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When Cliff Conneighton worked as an industry analyst at a technology consultancy, he took some clients' advice: Check out Lotus Notes.

"I liked the product so much I joined the company," says Mr. Conneighton, who came aboard Lotus Development Corp. in late 1992 to spread the word.

Lotus Notes is a computer software package designed to make groups of people work together more easily. It works in tandem with special business applications, such as large databases shared by many users, in much the same way computer operating systems like Microsoft Windows need applications software like word processing.

Though introduced five years ago, Notes languished as a "technical curiosity," says Mr. Conneighton, director of marketing for communications products. Lotus previously had aimed marketing at corporate technical "visionaries," and customers had to buy Notes directly from the company.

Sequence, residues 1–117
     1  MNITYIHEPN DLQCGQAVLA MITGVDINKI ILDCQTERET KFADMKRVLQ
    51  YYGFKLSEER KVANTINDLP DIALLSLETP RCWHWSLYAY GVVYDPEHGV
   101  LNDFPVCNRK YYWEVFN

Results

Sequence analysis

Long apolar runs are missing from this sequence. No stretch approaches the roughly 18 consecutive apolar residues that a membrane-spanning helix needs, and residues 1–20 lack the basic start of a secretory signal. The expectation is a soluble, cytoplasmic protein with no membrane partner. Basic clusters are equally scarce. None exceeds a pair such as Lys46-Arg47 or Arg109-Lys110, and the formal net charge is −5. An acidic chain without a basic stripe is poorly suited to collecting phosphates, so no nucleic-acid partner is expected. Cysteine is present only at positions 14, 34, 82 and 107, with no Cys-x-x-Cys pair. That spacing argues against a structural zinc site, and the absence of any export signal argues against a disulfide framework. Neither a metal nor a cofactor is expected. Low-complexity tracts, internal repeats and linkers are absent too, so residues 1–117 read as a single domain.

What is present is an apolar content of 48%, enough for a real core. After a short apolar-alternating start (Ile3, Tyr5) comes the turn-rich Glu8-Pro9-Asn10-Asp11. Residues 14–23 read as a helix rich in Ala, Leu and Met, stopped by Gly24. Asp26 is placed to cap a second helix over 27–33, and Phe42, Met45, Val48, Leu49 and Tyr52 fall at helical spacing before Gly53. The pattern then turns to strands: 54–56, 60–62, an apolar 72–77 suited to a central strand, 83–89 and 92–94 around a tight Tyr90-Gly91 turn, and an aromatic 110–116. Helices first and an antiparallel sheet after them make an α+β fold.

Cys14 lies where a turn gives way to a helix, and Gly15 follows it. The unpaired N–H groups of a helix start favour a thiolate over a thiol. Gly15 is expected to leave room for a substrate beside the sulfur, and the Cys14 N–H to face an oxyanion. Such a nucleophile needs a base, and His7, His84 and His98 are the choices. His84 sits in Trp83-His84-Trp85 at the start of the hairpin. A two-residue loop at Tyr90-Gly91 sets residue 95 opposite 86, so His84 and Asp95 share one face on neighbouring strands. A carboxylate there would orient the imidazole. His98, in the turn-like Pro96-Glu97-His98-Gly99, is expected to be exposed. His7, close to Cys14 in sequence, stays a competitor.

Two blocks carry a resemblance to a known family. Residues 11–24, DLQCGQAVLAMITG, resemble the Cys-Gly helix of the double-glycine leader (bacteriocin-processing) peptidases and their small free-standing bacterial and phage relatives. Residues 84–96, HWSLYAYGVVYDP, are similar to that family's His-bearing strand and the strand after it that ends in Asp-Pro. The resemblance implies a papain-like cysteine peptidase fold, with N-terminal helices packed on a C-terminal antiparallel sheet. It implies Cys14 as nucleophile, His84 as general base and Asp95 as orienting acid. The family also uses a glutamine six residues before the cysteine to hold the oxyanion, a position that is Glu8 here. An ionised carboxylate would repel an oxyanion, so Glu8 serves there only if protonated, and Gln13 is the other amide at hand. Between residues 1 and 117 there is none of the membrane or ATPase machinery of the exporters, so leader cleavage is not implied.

The 44-year-old Mr. Conneighton, a former product marketer at Digital Equipment Corp., helped Lotus radically alter Notes strategies. The idea, he says, was "to build an industry around the product."

Lotus signed up thousands of "business partners"-ranging from local computer distributors to giants like Andersen Consulting-to sell, service and customize Notes and applications software.

The company also worked to sell analysts and the press on the product. And Lotus and Boston agency Hill, Holliday, Connors, Cosmopulos switched ad focus-from what Notes is to what Notes does.

They followed that with a customer testimonial campaign.

Behemoth Microsoft Corp. is likely to introduce the first major challenge to Notes before yearend. But Mr. Conneighton isn't cowering.

Notes will surpass 1 million users this summer, and has the momentum to stay in the lead.

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